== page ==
In an effort to make safer, longer-lasting Lithium-ion batteries for technologies like electric vehicles, smartphones and laptops, a University of Michigan startup has formed a $1.5 million joint venture with two major players in the industry.
Ann Arbor-based Elegus Technologies recently announced their new partnership with Michigan-based manufacturing companies: XALT Energy and Energy Power Systems. Additional terms of the joint venture were not disclosed.
Elegus has developed an advanced battery separator that allows for increased energy density in Lithium ion cells without compromising safety. Increased energy density means longer battery life. For example, this translates to greater range per charge for an electric vehicle. Elegus’s separator is made from nanofibers extracted from Kevlar, the tough material in bulletproof vests. It blocks the formation of dendrites—metal tendrils that can grow and bridge the electrodes, short the circuit and even cause a fire. Limiting dendrite growth is one of battery developers’ biggest challenges.
“This joint venture will showcase the power of collaboration between Michigan companies towards a common goal,” said Elegus CEO John Hennessy. “In our industry, it is rare for a startup like us to pair with large manufacturers. It’s great that we have overlap in what industry is trying to solve: lithium-ion battery safety issues still persist, but instead of accepting those issues as inherent to battery technology, we are all working together to find a better solution.”
Dennis Townsend, XALT Chairman of the Board of Directors, is equally enthusiastic.
“The Elegus separator will be the solution that will enable XALT to achieve its higher energy roadmap while maintaining safety,” Townsend said. “As improvements in technology allow higher and higher energy density Lithium-ion batteries, safety issues become far more challenging. Elegus’ advanced separator solution provides excellent electrical performance and dimensional integrity.”
The technology was initially invented in the lab of Nick Kotov, the Joseph B. and Florence V. Cejka Professor of Engineering and a professor of chemical engineering, biomedical engineering, materials science and engineering and macromolecular science and engineering. Kotov was first introduced to Hennessy, along with fellow Elegus CFO Long Qian, through the Master of Entrepreneurship program offered jointly by Michigan Engineering and the Ross School of Business. During the Master’s program, the team refined the technology and took the first step toward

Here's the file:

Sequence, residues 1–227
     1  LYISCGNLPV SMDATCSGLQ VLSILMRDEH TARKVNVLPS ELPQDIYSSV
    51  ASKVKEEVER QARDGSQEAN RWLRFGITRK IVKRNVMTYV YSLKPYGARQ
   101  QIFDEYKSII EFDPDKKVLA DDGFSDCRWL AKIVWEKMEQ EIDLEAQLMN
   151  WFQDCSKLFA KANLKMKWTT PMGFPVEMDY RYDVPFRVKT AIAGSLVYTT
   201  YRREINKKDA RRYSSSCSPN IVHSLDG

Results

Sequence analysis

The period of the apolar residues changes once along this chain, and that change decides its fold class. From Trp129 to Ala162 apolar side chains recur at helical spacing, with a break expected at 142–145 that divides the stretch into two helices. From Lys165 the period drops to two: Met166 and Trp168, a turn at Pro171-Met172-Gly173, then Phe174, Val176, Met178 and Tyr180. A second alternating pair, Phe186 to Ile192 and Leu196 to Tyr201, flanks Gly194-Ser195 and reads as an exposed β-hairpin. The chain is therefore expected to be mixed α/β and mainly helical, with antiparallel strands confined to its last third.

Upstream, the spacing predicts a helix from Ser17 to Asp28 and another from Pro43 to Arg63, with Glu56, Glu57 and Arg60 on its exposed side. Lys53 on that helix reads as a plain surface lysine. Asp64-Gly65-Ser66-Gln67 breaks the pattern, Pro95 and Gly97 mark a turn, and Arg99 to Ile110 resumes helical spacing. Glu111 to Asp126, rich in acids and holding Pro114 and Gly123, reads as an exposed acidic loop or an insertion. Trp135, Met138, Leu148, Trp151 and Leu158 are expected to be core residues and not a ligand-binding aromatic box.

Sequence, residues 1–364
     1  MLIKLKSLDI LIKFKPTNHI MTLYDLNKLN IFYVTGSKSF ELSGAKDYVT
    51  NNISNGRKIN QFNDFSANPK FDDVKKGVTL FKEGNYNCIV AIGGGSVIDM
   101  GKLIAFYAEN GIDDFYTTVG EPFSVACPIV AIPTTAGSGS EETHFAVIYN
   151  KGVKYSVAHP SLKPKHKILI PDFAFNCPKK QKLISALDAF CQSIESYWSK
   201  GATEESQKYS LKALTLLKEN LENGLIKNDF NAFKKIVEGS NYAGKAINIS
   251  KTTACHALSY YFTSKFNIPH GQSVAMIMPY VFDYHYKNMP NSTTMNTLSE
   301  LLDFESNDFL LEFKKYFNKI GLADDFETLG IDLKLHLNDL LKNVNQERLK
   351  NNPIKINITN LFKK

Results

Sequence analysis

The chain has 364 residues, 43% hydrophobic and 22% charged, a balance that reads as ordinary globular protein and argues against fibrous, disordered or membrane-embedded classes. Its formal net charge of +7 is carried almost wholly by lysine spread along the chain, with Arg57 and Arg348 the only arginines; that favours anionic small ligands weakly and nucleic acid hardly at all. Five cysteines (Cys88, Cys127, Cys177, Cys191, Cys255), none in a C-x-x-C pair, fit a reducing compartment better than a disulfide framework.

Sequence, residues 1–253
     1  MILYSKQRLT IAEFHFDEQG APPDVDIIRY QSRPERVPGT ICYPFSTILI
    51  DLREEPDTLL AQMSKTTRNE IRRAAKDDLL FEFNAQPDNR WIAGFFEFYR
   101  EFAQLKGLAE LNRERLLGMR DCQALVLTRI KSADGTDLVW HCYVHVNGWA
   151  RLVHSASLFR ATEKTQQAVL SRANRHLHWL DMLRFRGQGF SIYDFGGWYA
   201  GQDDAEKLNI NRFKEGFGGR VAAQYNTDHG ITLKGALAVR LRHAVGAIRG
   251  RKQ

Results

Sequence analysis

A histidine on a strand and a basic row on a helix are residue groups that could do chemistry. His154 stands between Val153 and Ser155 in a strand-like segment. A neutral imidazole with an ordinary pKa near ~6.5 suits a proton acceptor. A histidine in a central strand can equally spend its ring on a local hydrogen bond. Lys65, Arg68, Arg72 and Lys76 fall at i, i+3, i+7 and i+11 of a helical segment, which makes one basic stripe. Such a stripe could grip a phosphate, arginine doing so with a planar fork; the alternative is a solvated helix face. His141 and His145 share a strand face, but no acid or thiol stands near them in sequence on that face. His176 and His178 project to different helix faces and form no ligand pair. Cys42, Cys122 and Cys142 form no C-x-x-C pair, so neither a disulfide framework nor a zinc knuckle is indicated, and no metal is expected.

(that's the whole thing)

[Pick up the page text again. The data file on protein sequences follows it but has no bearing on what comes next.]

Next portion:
commercialization which led them to participate in the National Science Foundation’s I- Corps™ program.
Hennessy specifically attributed credit of the patent-pending battery separator technology to the Michigan Translational Research and Commercialization (MTRAC) Transportation program, run jointly by the U-M Center for Entrepreneurship and the Office of Technology Transfer.
“The MTRAC program was there for us for the longest amount of time,” Hennessy said. “Beyond the funding the program offered, the countless hours of advising and industry connections made were invaluable and crucial to securing this investment.” He named Jay Ellis, MTRAC transportation program director; Meera Vijan, a mentor-in-residence at the Tech Transfer Venture Center; and Mike Psarouthakis, assistant director of the Venture Center.
“We are pleased to see Elegus partner with a Michigan-based company,” said Ellis. “This is a shining example of how the state of Michigan and U-M continue to foster an ecosystem for entrepreneurs and innovation.”’
Elegus received $175,000 in funding from MTRAC program as part of the Michigan Economic Development Corporation’s Entrepreneur and Innovation initiative, which focuses on establishing Michigan as the place to create and grow a business by providing high-tech startup companies with access to a variety of resources.
By: Jane Sugiyama, CFE Researcher Coordinator & Nicole Casal Moore, U-M Research News Director